Downtown Lodi, California
While Lodi is arguably best known for its wine, its downtown is equally magnetic for visitors and residents alike. This gathering spot offers a variety of shops, eateries and other attractions.
In the late ’90s, downtown received a shot in the arm with the School Street revitalization project, which involved laying old-fashioned brick streets, inlaid golden sidewalks, informational kiosks, a parking garage and movie theater and 30-foot Sycamore trees. Now, about 20 years later, School Street also has become known for its “wine strolls” and many other community events.
Visitors here might first notice one of the city’s most prominent landmarks: the Mission Arch. The 40-foot arch was built in 1907 and is topped with a gold-leaf covered California state bear.
The general downtown area offers a plethora of eateries, galleries, tasting rooms, coffee shops, clothing boutiques, antique shops and more. (See below for a current list of what the downtown offers.)
Some downtown highlights
One gem is Hutchins Street Square. Many consider this community center to be the crown jewel of Lodi. An anchor for the downtown, it’s a gathering place and a popular performing arts theater that features plays, ballet and live music. Perhaps even more remarkable is that this community asset was born out of the ashes of a burnt and abandoned school building back in 1979. This venue offers community programs for all ages, including arts, adult day care, and the Camp Hutchins Child Care. It also houses an indoor pool. And many a wedding has been celebrated in its banquet facilities.
Another must-see is the World of Wonders Science Museum. The WOW museum takes a hands-on approach to stimulating interest and learning in all ages. Come away with some new facts about electricity, energy, magnetism, eyesight and more. You’ll forget you’re learning through more than 50 tactile exhibits and challenges such as a Lego-building raceway; Cranium Corner, which consists of puzzles and brain-teasers; and the Jim Pyers Illumination Lab, where visitors can soak up knowledge about the science of light.
One of Lodi’s focal points is some spectacular public art with an interesting backstory. In May 2006, Lodi marked its 100th birthday by commissioning a group of 50 artists called the Walldogs. In just one weekend, they feverishly created nine murals depicting the town’s fascinating heritage. Some of the paintings have a humorous bent, while others are historical.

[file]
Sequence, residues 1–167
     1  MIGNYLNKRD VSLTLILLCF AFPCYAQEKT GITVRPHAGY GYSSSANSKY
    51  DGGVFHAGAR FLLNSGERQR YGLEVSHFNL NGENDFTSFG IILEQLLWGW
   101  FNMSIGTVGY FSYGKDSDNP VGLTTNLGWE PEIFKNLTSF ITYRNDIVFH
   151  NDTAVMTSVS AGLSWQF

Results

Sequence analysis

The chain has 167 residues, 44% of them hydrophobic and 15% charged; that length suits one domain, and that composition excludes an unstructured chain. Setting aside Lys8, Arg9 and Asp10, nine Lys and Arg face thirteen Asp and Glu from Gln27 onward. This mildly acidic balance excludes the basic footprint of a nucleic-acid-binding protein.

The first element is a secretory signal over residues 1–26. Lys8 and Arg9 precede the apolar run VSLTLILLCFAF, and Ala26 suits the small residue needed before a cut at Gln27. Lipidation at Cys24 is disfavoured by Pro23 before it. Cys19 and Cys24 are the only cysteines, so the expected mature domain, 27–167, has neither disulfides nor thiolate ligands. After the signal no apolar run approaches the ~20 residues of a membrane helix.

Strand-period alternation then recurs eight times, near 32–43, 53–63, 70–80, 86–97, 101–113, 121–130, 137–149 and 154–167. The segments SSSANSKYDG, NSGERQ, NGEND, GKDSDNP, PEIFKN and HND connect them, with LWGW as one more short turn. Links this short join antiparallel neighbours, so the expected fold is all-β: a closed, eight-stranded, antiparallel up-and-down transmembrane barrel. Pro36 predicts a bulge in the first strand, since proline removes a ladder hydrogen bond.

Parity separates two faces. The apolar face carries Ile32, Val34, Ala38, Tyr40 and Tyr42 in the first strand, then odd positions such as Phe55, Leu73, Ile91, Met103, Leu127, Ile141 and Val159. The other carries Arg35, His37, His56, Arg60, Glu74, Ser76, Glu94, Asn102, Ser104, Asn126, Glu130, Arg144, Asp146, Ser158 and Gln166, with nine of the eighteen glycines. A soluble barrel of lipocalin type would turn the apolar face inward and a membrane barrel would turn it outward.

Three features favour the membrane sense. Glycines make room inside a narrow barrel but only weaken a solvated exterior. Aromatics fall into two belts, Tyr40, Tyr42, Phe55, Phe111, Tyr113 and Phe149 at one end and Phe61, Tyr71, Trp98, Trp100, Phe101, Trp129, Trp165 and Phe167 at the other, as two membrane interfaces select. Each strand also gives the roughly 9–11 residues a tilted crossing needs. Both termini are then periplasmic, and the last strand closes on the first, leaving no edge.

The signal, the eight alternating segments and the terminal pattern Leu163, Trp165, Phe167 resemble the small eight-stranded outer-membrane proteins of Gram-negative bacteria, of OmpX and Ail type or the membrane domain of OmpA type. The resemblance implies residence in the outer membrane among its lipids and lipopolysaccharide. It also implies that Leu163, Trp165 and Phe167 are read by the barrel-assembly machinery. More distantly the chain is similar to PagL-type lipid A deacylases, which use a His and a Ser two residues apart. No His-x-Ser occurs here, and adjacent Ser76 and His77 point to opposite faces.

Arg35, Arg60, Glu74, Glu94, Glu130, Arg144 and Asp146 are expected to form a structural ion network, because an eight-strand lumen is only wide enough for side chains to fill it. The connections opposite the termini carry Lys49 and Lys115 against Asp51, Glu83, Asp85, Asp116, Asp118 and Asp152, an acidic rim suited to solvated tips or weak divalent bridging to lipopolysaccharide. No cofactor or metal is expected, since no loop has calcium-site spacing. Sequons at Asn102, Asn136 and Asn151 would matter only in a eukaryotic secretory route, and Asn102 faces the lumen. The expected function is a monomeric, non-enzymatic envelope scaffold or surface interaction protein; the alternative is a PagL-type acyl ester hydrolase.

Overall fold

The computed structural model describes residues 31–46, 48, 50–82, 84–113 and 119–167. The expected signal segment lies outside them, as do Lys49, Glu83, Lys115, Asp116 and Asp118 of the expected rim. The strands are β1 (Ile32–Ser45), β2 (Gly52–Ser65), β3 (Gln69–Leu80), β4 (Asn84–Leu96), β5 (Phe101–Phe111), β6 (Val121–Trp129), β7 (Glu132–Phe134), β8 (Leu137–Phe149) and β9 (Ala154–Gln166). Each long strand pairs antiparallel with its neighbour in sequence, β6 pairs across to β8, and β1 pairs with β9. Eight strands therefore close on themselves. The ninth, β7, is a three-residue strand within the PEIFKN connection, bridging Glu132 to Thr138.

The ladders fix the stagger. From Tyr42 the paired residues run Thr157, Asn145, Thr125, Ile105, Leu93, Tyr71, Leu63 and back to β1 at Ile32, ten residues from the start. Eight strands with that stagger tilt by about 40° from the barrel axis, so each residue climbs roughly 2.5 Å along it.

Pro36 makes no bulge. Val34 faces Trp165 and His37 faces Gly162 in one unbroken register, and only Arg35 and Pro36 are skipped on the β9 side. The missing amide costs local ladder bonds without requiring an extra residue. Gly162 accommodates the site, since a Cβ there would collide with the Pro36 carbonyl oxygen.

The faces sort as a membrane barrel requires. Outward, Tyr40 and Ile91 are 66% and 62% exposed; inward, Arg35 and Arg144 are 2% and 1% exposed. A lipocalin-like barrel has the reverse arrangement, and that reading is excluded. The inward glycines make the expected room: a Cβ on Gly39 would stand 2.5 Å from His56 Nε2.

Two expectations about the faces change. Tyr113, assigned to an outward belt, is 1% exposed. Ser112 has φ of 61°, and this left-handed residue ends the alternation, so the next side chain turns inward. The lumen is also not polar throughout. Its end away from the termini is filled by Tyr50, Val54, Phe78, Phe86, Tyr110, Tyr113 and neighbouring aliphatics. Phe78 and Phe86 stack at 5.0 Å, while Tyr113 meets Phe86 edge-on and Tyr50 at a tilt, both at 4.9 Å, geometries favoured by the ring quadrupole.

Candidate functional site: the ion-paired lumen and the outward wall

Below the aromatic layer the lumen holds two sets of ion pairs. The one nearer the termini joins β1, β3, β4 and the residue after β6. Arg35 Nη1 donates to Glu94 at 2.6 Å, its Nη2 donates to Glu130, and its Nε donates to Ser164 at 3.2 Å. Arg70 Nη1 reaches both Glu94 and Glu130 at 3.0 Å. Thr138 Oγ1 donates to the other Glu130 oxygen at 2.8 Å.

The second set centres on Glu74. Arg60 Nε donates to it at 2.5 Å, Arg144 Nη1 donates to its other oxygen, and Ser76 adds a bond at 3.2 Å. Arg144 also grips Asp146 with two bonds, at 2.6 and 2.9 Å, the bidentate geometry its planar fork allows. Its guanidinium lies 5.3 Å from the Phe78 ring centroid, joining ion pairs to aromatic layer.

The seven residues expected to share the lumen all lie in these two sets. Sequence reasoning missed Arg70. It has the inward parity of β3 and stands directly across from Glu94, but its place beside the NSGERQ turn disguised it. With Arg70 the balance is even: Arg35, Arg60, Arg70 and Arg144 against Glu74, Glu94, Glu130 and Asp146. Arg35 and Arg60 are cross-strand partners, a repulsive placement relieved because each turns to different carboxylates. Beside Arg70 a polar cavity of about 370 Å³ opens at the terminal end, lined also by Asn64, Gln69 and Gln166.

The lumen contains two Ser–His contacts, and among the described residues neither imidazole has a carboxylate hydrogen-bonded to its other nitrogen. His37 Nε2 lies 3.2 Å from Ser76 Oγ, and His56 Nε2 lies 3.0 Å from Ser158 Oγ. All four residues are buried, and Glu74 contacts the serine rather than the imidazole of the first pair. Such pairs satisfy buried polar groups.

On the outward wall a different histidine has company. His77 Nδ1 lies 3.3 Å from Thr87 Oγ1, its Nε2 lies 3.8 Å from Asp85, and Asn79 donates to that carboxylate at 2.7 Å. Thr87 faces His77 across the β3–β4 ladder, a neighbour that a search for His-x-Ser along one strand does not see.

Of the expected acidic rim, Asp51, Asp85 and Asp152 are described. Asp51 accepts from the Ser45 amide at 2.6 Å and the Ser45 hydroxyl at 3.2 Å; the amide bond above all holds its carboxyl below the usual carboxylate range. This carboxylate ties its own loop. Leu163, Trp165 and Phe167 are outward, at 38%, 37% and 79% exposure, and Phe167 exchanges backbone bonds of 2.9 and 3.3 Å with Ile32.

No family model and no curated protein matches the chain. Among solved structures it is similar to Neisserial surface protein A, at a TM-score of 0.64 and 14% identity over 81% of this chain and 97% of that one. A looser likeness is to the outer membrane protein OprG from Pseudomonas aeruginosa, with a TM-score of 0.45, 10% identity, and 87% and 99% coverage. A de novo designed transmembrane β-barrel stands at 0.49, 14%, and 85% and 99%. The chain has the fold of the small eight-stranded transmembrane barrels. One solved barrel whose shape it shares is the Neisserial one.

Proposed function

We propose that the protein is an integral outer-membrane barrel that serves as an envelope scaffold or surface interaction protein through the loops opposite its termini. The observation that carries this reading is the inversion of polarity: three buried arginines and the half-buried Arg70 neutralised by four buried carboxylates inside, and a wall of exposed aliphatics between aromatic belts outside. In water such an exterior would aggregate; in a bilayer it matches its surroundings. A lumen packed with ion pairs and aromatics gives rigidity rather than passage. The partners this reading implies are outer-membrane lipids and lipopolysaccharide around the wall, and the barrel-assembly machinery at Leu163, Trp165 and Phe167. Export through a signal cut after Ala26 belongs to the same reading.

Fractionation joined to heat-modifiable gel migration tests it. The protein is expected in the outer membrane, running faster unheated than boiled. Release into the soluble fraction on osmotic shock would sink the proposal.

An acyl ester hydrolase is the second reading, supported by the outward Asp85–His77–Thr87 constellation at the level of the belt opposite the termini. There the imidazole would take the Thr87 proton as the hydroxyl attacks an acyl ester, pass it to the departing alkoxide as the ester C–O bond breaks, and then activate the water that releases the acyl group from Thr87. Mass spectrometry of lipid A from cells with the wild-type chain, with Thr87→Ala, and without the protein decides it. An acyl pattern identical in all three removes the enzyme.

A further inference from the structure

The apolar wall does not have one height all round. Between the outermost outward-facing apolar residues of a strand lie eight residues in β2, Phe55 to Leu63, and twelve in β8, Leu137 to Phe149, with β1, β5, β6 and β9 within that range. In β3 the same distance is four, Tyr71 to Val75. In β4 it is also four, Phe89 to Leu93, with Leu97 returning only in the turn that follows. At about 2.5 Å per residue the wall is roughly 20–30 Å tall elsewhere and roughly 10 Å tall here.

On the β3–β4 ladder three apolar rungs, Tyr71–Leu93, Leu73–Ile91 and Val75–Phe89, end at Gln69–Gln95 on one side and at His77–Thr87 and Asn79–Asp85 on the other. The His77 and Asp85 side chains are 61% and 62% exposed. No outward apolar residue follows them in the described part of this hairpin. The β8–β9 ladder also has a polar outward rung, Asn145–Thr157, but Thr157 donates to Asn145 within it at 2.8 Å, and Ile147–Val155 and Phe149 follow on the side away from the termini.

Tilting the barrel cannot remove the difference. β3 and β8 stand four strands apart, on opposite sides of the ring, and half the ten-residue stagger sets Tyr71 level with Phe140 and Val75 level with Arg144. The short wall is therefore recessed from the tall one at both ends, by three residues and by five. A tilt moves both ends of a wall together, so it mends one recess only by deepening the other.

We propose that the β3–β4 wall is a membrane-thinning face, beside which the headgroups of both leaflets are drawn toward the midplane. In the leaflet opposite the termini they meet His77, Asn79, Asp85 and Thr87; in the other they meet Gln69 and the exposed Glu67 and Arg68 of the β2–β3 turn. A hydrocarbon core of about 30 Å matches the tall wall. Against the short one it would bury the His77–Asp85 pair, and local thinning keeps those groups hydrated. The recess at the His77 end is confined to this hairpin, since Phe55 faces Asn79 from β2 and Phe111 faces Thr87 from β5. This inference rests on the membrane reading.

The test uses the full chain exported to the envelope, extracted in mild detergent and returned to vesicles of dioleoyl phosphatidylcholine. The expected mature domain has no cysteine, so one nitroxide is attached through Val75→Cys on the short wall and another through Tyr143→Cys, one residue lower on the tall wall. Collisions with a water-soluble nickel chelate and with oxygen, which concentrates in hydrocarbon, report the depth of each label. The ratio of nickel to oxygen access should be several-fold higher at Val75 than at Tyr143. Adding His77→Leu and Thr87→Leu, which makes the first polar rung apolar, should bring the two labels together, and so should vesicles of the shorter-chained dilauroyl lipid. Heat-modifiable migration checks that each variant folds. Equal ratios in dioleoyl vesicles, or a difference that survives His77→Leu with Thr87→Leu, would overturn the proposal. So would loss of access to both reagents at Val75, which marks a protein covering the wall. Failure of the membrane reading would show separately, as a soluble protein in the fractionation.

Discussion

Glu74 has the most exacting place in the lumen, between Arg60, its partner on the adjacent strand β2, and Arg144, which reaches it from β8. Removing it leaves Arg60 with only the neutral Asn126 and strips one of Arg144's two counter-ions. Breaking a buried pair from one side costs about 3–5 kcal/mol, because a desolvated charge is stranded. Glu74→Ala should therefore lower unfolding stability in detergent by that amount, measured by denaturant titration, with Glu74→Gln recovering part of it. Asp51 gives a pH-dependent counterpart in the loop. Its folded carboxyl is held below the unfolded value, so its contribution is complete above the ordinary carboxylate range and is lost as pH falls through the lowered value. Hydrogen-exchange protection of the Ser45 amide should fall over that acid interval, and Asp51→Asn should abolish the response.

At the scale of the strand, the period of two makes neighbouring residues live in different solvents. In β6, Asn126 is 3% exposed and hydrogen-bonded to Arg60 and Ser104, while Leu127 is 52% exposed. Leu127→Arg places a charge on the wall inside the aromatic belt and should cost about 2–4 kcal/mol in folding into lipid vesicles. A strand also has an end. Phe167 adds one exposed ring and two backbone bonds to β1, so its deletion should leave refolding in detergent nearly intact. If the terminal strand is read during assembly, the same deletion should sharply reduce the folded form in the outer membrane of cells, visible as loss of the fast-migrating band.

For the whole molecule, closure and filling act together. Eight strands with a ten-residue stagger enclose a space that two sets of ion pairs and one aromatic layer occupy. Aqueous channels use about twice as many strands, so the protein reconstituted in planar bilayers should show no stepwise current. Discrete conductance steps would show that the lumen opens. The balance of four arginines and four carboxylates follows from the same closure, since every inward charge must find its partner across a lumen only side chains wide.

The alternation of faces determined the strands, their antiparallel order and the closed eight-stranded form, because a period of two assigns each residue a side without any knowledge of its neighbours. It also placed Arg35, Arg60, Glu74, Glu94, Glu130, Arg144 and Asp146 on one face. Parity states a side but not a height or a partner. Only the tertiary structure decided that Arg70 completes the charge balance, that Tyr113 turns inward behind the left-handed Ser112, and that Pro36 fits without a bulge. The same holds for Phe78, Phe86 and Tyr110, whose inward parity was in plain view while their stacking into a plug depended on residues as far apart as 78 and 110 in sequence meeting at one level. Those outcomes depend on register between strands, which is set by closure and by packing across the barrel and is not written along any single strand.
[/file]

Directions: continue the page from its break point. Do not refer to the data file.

Lodi also boasts a multi-modal transportation hub that combines a train and bus station in one facility, allowing folks to ride the bus from anywhere in the county to the station and hop a train to the Bay Area or Old Sacramento for a day trip.
Another main attraction is Lodi Stadium 12 Theatre, which draws thousands downtown every week.
Events and festivals
In addition to the downtown’s mainstays are a number of annual goings-on that are eagerly anticipated by locals and visitors alike. One example is the Lodi Street Faire, one of the largest antique and craft fairs in central California. More than 500 antique and craft vendors converge here the first Sunday in May and October. Another popular event is the School Street Strolls, which take place in April and October and offer an evening of delicious wine, food and shopping.
There’s also the Lodi Sandhill Crane Festival, an annual celebration of the cranes’ migratory journey. The event, which recently marked its 20th anniversary, draws thousands of visitors to Lodi-area wildlife refuges and farmlands every November.
Seasonal offerings in town include the Downtown Farmers Market, from mid-May through September. Things turn particularly festive in early December for the Christmas Light Parade, which has been known to include about 80 lighted floats and 2,500-plus people on the floats. Tens of thousands of spectators come out to line the approximately mile-long parade route.